But this pain isn’t new. If anything, it’s simply the peak of a slowly growing mountain. I’ve experienced years of tacit exclusion from conversations with friends and family, parents who meet me and begin to complain about American whitewashing. “Such a shame,” I’ve been told. “Such a shame you can’t speak Chinese.” To the Chinese, shame is a loaded word.
When we arrive home I am burning with emotion. I attempt to race upstairs before my mother can sense what’s wrong, but there’s no escaping the eagle eyes of a tiger mother.
“Matthew, is there anything you want to tell me?” She asks. I turn and sit next to her.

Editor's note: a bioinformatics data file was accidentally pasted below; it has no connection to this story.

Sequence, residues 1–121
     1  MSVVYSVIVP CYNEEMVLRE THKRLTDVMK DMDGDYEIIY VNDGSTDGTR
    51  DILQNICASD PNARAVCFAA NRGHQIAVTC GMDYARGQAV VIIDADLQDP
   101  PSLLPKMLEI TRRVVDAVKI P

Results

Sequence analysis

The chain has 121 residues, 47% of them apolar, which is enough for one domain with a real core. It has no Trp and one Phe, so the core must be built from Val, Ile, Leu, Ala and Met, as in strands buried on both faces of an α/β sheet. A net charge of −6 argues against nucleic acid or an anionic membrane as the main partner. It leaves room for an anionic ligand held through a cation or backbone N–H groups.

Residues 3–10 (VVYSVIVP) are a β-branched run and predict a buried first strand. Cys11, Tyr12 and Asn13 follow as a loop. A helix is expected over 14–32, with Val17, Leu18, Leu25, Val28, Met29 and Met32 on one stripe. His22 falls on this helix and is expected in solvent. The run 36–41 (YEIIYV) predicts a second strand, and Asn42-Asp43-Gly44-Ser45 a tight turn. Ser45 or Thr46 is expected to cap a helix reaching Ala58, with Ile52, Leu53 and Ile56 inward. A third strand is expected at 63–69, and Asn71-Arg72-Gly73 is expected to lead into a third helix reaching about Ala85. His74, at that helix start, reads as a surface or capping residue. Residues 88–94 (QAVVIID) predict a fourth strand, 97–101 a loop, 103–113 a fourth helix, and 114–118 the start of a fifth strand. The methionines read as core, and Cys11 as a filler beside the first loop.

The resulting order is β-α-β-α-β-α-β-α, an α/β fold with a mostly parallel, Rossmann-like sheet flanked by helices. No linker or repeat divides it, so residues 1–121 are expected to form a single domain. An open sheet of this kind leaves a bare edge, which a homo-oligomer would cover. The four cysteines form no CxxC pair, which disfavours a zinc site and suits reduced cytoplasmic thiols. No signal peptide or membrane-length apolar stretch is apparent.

“I’m fine, Mom.” I hesitate. “I just have one question.”
I lower my voice. “Promise you won’t laugh?”
She stares at me, then nods.
“Am I Chinese, or am I American?”
The next day, I wake up with a renewed sense of purpose. After thinking about what my mother told me, I feel as if I finally belong. My identity cannot be dichotomized; I am Chinese-American. I refuse to believe, as I have for much of my life, that a hyphen is a symbol of mutual exclusivity. That hyphen, insignificant as it seems, is a symbol of connection. It is a bridge that I, my sisters, my parents, Gong Gong, Po Po, and millions of others have crossed because the simple happiness we share, whether it is felt on Independence Day or the Mooncake Festival, cannot be contained by oceans and borders. I know who I am.
I can’t tell you who you are. Nor can your father or anyone else. You must decide for yourself. But know this: your culture won’t come from your tongue. It’ll come from your heart.